In England and Wales, in 1986, stroke accounted for just over 12 per cent of mortality from all causes, most of it occurring in the elderly. Undoubtedly the death toll is considerable, however, it is the burden of morbidity and disability that stroke places on the community that is the real issue for concern. Each year approximately two people out of every 1,000 will experience a first stroke of whom about two-thirds will survive requiring some form of medical intervention. Indeed it is estimated in this paper that stroke patients consume just under one pound in every twenty-five of all National Health Service expenditure.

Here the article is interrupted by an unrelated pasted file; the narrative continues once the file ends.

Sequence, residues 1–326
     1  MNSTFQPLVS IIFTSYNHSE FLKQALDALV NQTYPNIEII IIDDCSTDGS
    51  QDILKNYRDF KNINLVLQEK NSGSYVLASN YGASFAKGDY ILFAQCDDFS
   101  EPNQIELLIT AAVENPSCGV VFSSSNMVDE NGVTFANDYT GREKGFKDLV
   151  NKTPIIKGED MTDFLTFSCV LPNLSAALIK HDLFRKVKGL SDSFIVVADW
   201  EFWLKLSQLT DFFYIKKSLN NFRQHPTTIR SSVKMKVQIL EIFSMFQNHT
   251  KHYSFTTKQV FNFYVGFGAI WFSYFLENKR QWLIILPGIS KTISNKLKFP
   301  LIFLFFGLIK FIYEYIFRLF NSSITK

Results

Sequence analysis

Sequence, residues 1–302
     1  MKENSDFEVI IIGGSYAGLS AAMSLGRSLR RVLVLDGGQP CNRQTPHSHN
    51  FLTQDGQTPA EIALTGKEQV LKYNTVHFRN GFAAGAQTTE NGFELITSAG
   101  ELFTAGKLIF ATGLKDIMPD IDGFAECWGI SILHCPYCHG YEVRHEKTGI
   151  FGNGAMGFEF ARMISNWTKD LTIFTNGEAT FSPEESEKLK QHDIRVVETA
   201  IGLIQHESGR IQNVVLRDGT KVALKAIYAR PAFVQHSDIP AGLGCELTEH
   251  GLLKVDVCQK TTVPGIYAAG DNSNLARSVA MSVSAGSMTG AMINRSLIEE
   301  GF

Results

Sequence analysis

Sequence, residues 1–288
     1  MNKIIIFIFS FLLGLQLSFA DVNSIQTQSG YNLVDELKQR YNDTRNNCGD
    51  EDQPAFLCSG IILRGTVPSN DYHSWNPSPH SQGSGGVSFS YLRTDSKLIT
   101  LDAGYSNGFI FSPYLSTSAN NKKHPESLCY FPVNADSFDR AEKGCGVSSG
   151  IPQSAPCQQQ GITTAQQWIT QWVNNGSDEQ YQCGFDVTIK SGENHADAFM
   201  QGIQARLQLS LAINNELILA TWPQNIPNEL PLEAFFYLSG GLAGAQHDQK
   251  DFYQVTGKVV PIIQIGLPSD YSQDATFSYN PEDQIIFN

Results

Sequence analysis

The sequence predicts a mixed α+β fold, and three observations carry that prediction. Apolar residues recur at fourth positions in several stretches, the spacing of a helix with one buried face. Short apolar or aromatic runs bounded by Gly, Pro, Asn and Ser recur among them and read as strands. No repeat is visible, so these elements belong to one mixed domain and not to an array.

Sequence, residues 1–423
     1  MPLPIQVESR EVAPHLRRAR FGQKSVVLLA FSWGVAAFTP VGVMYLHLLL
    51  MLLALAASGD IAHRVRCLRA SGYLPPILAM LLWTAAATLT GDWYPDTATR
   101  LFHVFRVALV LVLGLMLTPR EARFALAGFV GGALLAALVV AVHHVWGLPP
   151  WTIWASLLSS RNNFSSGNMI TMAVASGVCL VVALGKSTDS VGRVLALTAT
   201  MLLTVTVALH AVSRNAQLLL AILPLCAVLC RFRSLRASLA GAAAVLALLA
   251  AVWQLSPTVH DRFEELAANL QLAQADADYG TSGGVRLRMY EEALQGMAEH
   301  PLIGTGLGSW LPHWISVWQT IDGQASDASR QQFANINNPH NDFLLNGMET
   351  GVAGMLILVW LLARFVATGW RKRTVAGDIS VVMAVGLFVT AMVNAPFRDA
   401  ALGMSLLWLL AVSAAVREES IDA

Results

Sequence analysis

This paper begins with a description of the natural history of stroke, and goes on to analyse the incidence and mortality patterns associated with the disease. The wide spectrum of contemporary issues central to the field of stroke management are evaluated and discussed – from advances in medical procedures, through to the rehabilitation of stroke survivors, and the extent of the financial burden the disease places upon the country's National Health Service.